Peter Magubane’s Midas Touch

The unfolding story of photographer Peter MagubaneI first met Peter Magubane on his 84th birthday. Although I was half his age, we were both mentored by the same man, the late Jim Bailey.

For Peter it was 1949 when as a 17 year old he had left school early to get into the ranks of Drum. He started as Bailey’s driver and in typical fashion the eccentric Drum owner and publisher Bailey, only 32 years old at the time assisted Magubane in his emergence as a photographer.

I met Jim Bailey two years before his death in 2000 at the age of 80. I was 19 years old and both his driver and friend. Bailey impressed a love of the country and her people on me and channeled me towards writing.  

Bailey a fighter pilot in World War 2 had found his own transformation in the speak-easy’s or shebeens as they were called of South Africa. He used his wealth and position to purchase Drum magazine from a South African fast bowler and transform it into a liberated gathering of unique people. Met up against the fascism of apartheid, Can Themba in reference to Dickens called this Drum era of South Africa, “the best of times, the worst of times.”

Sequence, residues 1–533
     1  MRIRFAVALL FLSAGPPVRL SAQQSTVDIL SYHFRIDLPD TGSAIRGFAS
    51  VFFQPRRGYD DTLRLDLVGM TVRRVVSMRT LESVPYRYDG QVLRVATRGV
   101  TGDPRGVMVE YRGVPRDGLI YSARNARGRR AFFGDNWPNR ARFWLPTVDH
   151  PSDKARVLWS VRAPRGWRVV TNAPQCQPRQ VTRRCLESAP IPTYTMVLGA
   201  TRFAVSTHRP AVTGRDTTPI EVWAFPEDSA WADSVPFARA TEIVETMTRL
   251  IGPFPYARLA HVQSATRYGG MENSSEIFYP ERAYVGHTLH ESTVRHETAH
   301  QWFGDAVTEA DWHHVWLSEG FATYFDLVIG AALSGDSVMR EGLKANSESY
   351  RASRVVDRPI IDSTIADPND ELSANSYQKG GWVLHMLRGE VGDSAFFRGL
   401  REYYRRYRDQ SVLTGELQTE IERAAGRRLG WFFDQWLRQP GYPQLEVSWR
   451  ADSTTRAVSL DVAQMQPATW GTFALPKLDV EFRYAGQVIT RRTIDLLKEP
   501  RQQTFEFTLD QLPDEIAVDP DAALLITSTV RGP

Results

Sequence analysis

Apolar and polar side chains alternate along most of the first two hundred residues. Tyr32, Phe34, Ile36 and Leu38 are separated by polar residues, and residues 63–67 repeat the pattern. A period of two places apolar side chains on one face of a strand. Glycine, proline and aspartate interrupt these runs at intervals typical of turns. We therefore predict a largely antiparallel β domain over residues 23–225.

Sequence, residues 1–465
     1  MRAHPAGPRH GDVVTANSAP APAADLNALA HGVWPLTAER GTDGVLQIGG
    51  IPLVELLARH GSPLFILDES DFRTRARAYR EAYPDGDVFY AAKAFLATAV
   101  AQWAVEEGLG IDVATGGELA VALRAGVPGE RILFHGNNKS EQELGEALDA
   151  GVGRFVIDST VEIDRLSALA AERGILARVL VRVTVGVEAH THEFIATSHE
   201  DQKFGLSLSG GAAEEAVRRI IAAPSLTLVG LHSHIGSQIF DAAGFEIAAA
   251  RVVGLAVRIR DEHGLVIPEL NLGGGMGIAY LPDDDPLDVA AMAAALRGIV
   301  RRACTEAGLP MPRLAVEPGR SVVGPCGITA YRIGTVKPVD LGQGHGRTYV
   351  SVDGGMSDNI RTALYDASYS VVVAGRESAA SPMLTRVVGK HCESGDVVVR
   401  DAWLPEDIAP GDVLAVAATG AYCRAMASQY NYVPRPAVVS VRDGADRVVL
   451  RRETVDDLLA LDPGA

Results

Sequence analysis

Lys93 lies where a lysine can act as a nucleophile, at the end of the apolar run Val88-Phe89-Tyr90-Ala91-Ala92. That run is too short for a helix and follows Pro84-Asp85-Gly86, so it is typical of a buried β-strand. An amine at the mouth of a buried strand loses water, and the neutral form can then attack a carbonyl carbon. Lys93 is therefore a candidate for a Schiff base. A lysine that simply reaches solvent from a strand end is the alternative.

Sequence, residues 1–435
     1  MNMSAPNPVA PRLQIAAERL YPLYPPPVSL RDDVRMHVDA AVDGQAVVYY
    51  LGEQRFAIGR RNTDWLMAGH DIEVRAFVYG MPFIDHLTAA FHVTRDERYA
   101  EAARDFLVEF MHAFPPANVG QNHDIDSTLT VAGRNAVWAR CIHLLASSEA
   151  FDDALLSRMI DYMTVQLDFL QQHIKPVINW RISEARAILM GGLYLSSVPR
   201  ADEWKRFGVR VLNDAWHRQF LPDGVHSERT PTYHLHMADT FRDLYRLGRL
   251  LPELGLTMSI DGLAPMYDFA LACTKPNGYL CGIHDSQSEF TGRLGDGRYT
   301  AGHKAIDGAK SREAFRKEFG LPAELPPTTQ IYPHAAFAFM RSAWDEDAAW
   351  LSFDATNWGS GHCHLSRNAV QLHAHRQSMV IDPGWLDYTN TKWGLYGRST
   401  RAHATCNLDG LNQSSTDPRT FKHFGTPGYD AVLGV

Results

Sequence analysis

Yet the era produced the iconic work that has never been matched. Lewis Nkosi later reflected on the inspiration as “where the now is all there is.”

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